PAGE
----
Many of its details would have no doubt touched the watchers deeply, but again one in particular stands out. It has to do with the action of the High Priest in relation to the second goat prior to its being led away forever. Moses instructs the officiating priest to lay his hands upon the animal’s head and recite over it the sins of the people (Lev 16.21) before having the creature led out into the place of desolation. We almost have to close our eyes and imagine ourselves to be present in that sacred assembly on that day. More than that, to imagine what it would be like to actually hear that list of offences against God read out loud.
It is one of the features of the human conscience that when we hear a sin mentioned audibly of which we are guilty personally it sends a shiver down our spine. It is as though our sense of guilt is accentuated. Yet the context in which this drama was played out on the Day of Atonement not only exposed human guilt, but simultaneously provided divine expiation.
The High Priest’s act of laying hands on the animal while reciting the litany of wickedness that had contaminated the community was a symbol of transfer. Their sins and their guilt were being vicariously loaded, not only on the goat that had already been put to death, but also now on its companion who would carry them far far away. (By Jesus’ time this drama would have been further enhanced by the fact that a viaduct had been constructed from the Temple precincts across the valley to the West over which the goat would be led away – a lonely spectacle before the silently watching multitudes.) They watched on in a mixture of wonder and relief as that goat bore their sin and shame away…over the precipice.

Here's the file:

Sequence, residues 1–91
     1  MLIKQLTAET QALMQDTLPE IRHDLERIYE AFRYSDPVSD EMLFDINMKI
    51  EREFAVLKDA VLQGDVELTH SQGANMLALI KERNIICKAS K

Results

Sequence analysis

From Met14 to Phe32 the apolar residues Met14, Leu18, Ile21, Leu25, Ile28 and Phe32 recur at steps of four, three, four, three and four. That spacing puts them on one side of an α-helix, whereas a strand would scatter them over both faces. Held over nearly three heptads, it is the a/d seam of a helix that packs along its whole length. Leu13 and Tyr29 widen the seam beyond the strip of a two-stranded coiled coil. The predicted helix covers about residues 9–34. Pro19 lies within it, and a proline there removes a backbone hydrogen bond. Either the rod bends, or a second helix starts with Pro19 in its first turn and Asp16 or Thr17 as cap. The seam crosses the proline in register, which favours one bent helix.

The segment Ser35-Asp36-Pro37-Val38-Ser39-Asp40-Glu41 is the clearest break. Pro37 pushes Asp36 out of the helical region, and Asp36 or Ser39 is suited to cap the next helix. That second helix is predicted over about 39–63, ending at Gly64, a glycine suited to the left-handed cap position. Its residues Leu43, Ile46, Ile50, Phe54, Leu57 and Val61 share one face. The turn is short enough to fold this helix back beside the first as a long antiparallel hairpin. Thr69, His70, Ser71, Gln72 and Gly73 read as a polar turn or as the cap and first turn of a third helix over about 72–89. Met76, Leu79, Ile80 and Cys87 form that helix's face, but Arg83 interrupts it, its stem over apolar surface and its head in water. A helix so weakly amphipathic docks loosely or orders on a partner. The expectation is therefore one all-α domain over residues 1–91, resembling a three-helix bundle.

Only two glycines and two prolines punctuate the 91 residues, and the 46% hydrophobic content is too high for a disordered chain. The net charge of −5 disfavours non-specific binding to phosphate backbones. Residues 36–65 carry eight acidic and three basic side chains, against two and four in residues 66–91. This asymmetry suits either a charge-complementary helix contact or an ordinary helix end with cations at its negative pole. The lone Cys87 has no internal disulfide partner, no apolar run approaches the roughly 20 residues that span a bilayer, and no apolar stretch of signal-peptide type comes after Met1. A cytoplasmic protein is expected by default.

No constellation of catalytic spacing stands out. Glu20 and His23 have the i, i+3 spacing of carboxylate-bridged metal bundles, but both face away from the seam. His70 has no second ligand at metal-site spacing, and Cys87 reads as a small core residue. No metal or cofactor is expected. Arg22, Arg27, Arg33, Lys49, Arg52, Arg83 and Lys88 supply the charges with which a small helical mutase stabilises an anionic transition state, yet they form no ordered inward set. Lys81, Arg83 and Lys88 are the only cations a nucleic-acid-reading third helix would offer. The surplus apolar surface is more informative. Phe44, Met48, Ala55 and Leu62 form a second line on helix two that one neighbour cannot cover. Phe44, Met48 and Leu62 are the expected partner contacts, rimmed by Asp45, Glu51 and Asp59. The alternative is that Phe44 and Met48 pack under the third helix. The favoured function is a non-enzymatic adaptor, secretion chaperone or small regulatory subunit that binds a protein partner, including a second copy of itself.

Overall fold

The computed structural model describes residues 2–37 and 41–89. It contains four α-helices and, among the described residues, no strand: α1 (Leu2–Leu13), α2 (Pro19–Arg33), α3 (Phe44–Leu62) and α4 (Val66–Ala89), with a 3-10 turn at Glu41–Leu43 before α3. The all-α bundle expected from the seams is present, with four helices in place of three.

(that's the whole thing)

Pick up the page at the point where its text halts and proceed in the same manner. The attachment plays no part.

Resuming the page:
All of this Old Testament pre-enactment of the true atonement that would take place on that one day that would truly change everything helps us grasp more fully what happened on Calvary. All the symbolic creatures and actions are rolled into the One who was sent from God to take the place of sinners… and into the heaven-piercing cry that marked the depth of Christ’s anguish, but to the ears of those for whom he died the height of our relief.
Some of us grew up with the words of a simple chorus that well captures the wonder of the greatness of the salvation we have in Christ – all that was dramatically prefigured on the Jewish Day of Atonement:
Living he loved me; Dying he saved me;
buried he carried my sins far away.
Rising he justified, freely forever;
one day he’s coming – O, glorious Day!
J. Wilbur Chapman (1910)
 Hartley, J.E. Leviticus, (Word Books; Dallas TX) 1992 p.220
 The New English Bible (OUP & CUP; 1970)
 Edersheim, A. The Life and Times of Jesus the Messiah, (Macdonald Publishing Company;
McLean, VA) 1883 p.112